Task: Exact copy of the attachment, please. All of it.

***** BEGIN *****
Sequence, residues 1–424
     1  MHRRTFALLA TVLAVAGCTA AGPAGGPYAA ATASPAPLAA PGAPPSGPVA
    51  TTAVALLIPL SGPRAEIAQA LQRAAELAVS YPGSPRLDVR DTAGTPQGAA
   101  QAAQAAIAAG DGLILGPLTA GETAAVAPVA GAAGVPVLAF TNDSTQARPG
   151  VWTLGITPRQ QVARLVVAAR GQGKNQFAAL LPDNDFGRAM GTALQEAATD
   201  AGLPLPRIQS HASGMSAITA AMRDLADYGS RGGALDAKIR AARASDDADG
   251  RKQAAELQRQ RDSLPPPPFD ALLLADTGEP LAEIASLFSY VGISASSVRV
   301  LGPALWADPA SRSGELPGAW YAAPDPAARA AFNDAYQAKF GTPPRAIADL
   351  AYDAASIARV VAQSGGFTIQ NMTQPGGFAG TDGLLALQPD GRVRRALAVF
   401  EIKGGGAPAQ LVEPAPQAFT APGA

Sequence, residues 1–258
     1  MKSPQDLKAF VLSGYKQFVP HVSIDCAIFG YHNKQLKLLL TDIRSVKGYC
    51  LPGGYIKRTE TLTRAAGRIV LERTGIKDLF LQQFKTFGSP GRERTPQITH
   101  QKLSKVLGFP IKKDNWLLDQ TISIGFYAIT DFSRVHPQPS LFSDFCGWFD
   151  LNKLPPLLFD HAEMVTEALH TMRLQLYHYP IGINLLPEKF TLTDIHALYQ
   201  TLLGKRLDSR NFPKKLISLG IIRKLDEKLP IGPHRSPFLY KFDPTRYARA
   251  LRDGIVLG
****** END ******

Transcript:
Sequence, residues 1–424
     1  MHRRTFALLA TVLAVAGCTA AGPAGGPYAA ATASPAPLAA PGAPPSGPVA
    51  TTAVALLIPL SGPRAEIAQA LQRAAELAVS YPGSPRLDVR DTAGTPQGAA
   101  QAAQAAIAAG DGLILGPLTA GETAAVAPVA GAAGVPVLAF TNDSTQARPG
   151  VWTLGITPRQ QVARLVVAAR GQGKNQFAAL LPDNDFGRAM GTALQEAATD
   201  AGLPLPRIQS HASGMSAITA AMRDLADYGS RGGALDAKIR AARASDDADG
   251  RKQAAELQRQ RDSLPPPPFD ALLLADTGEP LAEIASLFSY VGISASSVRV
   301  LGPALWADPA SRSGELPGAW YAAPDPAARA AFNDAYQAKF GTPPRAIADL
   351  AYDAASIARV VAQSGGFTIQ NMTQPGGFAG TDGLLALQPD GRVRRALAVF
   401  EIKGGGAPAQ LVEPAPQAFT APGA

Sequence, residues 1–258
     1  MKSPQDLKAF VLSGYKQFVP HVSIDCAIFG YHNKQLKLLL TDIRSVKGYC
    51  LPGGYIKRTE TLTRAAGRIV LERTGIKDLF LQQFKTFGSP GRERTPQITH
   101  QKLSKVLGFP IKKDNWLLDQ TISIGFYAIT DFSRVHPQPS LFSDFCGWFD
   151  LNKLPPLLFD HAEMVTEALH TMRLQLYHYP IGINLLPEKF TLTDIHALYQ
   201  TLLGKRLDSR NFPKKLISLG IIRKLDEKLP IGPHRSPFLY KFDPTRYARA
   251  LRDGIVLG